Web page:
I used that Perfect Pencil for about six years, and I would guess I used it every single day in that time. I made sketches of the moors, I wrote notes, I planned meetings and stories with it, I corrected my children’s homework with it. And, yes, I loved it.
And one day a couple of years ago, I went to do a radio interview in Plymouth, and I lost it.
I don’t know where, but somewhere it fell out of my pocket. To this day I regret its loss. The feeling of dull horror — well, OK, raging fury with my own stupidity, if you prefer — was with me for a long time.
But every disaster is an opportunity. If there was one thing slightly wrong about that pencil (don’t get me wrong, it was just about perfect), it was that the barrel of the extender was a little, just a teensy bit, too wide for my comfort. It was OK, and it saw out several pencils with me, but it was just not quite ideal for me.
So that is why I bought the next level up, the Graf von Faber-Castell model. This one is superb. Shining silver, it is thinner, with that distinctive Faber-Castell look about it, a tube with a slight flare at the open end, rising to a more pronounced flare at the cap.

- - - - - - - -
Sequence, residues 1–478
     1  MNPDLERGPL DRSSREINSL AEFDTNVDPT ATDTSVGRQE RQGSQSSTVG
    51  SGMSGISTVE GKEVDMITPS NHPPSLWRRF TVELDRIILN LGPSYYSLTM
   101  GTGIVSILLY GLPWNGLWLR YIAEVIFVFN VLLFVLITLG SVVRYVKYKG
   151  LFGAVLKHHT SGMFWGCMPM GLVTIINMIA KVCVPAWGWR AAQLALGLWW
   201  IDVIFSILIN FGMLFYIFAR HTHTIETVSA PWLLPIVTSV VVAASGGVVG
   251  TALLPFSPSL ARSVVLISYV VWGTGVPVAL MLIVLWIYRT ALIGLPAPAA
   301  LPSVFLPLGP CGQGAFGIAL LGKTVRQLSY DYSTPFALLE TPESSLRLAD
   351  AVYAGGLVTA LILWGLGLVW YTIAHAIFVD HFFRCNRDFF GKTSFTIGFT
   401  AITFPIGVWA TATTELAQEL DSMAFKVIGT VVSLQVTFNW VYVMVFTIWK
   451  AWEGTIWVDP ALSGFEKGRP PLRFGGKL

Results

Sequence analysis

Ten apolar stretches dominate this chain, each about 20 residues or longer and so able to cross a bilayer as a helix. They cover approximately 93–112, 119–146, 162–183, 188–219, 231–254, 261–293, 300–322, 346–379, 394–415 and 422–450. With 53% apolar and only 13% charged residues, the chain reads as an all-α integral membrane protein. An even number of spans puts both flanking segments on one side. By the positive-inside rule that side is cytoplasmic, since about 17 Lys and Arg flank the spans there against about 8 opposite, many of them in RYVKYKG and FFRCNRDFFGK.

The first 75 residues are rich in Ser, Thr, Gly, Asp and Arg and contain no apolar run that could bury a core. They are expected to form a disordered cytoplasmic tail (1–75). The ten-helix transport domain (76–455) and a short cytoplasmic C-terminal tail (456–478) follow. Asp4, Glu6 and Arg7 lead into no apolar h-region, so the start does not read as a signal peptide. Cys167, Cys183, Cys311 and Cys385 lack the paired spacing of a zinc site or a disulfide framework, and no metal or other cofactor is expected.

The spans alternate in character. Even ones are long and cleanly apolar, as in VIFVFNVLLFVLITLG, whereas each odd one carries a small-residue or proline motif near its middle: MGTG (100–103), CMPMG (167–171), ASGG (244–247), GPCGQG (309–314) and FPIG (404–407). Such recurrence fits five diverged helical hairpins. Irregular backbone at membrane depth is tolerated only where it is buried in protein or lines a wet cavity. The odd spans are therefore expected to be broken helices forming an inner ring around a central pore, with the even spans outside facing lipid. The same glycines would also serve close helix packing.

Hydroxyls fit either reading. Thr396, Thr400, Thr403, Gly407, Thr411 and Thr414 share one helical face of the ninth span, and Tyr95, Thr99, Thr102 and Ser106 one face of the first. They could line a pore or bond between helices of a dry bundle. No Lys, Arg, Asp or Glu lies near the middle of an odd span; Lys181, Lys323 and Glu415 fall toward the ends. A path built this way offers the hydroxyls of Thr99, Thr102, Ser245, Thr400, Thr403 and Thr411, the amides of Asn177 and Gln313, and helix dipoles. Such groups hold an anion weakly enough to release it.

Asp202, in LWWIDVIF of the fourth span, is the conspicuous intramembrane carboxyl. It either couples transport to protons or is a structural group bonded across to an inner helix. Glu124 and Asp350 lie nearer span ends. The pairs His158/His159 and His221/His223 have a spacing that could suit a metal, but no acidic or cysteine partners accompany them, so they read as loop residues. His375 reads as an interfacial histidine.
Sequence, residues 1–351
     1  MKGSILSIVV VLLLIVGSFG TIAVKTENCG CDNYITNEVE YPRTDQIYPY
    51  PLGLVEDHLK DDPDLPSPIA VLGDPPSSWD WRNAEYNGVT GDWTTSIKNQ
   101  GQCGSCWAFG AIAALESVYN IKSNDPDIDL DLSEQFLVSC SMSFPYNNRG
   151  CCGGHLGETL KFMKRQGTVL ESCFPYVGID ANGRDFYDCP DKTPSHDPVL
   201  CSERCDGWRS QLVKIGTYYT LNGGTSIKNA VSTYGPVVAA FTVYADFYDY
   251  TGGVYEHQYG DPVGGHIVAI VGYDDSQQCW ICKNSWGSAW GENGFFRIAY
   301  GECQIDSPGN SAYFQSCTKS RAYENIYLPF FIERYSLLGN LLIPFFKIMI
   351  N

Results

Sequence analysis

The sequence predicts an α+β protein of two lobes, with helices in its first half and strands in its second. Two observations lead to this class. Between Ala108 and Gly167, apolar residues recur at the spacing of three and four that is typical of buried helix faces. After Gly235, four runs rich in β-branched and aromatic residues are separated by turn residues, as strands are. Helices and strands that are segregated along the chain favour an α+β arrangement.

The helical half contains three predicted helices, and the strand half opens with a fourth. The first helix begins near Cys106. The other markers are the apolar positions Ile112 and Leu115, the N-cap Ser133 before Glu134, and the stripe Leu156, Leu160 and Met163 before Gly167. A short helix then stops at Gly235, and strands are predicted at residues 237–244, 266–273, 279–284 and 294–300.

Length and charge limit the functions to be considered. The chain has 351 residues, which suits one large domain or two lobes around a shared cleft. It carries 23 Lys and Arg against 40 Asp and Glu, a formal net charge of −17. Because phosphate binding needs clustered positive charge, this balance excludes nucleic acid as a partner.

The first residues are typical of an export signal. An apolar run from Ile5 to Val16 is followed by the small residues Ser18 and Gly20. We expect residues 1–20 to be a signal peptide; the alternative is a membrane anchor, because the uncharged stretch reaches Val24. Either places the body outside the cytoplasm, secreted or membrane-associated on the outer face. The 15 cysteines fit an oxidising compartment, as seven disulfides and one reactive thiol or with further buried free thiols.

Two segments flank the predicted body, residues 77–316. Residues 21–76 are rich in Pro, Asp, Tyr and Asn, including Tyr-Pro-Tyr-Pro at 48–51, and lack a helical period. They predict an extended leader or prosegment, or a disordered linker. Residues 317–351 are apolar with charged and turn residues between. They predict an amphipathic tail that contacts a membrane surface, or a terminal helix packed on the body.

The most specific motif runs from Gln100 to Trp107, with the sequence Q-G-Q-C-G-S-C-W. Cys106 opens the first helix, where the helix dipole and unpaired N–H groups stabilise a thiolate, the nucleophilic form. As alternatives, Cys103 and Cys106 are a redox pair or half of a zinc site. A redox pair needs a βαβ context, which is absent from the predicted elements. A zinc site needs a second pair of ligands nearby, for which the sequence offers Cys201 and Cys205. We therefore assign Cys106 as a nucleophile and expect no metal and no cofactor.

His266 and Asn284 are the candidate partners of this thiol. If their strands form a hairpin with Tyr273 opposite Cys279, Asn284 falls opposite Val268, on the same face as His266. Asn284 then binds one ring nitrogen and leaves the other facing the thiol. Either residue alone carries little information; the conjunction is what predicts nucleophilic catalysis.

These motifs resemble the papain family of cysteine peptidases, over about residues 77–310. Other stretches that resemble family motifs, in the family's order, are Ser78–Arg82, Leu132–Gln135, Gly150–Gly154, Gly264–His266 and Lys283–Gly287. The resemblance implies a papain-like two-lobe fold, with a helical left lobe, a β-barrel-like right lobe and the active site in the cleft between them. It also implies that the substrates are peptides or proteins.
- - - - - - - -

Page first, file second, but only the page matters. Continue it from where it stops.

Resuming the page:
It cannot be improved upon. It is, quite simply, perfect. A gorgeous design superbly executed. And because my children need to know how to use pencils properly (and aren’t allowed to carry penknives at school like I was), I’ve bought two more Perfect Pencils for them from Cult Pens.
But theirs are plastic. I’m not that generous!
As well as collaborating with fellow members of The Medieval Murderers, Dartmoor-based Michael Jecks is the author of thirty three novels in his best-selling Templar series. His latest, Fields of Glory will be published in June 2014 in hardback and Kindle from Simon & Schuster. Explore more of Michaels' work at: www.michaeljecks.co.uk